Islington's Almeida Theatre casualty of Arts Council cuts
By LiseS | Wednesday, March 30, 2011, 21:49
Over a thousand arts organisations up and down the country found out this morning whether they've been invited to join Arts Council England's new National Portfolio of organisations funded for three years. Islington's Almeida Theatre was one of the unlucky organisations to have its regular funding cut - from £1m this year to £700,000 in 2015.
"Once more unto the breach, dear friends..." The Almeida will fight on, despite today's funding cut.
The 39% cut in real terms (factoring in inflation estimated in October) means the Almeida is among the worst-hit of UK organisations to retain any kind of regular funding, despite critical acclaim for productions such as David Eldridge’s The Knot of the
1,333 artists, touring conpanies, venues and arts agencies applied for the new National Portfolio funding, which comes into effect next April. The previous portfolio of 849 Regularly Funded Organisations (RFOs) was reduced today to just 695, with 110 new organisations joining the portfolio and 206 organisations losing all funding. Local companies facing a 100% cut include Nitro theatre company on Caledonian Road, and Finsbury-based national dance advocacy body DanceUK.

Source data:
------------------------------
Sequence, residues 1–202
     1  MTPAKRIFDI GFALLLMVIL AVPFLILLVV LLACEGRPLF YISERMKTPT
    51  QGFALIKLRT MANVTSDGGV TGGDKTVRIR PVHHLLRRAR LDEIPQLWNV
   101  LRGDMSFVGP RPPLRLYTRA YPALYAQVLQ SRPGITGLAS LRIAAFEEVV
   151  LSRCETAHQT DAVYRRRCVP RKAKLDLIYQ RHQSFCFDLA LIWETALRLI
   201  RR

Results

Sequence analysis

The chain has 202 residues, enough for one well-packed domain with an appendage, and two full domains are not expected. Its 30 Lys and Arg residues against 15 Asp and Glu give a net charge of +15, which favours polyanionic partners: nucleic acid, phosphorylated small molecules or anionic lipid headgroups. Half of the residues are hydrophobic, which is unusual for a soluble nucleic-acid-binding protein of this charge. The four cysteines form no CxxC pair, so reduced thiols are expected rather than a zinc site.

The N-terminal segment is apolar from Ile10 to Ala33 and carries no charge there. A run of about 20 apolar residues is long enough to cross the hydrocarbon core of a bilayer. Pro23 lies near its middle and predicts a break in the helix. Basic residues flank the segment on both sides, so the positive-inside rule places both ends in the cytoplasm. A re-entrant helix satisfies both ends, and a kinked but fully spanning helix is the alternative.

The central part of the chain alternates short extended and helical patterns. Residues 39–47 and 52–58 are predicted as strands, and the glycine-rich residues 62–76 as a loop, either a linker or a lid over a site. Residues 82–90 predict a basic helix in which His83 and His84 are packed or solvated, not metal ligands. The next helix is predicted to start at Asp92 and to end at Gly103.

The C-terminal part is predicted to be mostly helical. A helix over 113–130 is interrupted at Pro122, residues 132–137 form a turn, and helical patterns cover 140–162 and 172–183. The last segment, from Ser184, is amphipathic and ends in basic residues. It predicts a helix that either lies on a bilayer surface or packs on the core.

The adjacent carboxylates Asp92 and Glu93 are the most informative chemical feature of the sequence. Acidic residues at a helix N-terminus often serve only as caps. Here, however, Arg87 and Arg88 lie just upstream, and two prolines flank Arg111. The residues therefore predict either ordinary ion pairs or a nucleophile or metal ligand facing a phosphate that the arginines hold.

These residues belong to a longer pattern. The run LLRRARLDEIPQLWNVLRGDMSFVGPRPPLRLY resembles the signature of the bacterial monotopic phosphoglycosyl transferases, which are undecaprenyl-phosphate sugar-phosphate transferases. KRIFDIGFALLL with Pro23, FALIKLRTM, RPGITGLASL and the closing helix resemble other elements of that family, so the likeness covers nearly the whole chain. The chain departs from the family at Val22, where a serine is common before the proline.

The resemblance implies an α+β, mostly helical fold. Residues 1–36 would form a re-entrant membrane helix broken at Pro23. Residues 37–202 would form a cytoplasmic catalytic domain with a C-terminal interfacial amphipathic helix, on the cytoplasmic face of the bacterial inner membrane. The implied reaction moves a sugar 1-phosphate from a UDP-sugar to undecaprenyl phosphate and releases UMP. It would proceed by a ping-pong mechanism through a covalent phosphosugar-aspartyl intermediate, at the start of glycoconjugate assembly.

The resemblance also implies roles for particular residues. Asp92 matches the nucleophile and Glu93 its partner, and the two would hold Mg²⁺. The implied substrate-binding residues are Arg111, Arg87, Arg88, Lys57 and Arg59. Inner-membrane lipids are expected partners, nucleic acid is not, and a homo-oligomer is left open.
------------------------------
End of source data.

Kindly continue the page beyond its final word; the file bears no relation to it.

The running costs of the Almeida are currently given at £3.9m per annum, of which the theatre raises £1.2m from individuals, trusts and companies. That figure will have to increase if the venue is to continue programming and producing excellent work.
Despite today's reduction in funding, the Almeida team remain optimistic for the future. "The Arts Council, today described the Almeida Theatre as 'an exemplary
organisation, internationally synonymous with bold play choices staged
to the highest possible standards with outstanding production values'," said Artistic Director Michael Attenborough in a statement earlier.
"There will be no
cuts to our innovative artistic policy or to our ambitions. In the
coming years we will take our work to more people than ever before and
continue to be a leading national cultural institution."
Actress Desara Bosnja added on Twitter: "You can cut our funding but not our passion!" Wise words, we think.
Should the arts in England be funded by public subsidy? Hear what Kenneth Tharp, Chief Executive of The Place in Euston had to say on Channel 4 News tonight here.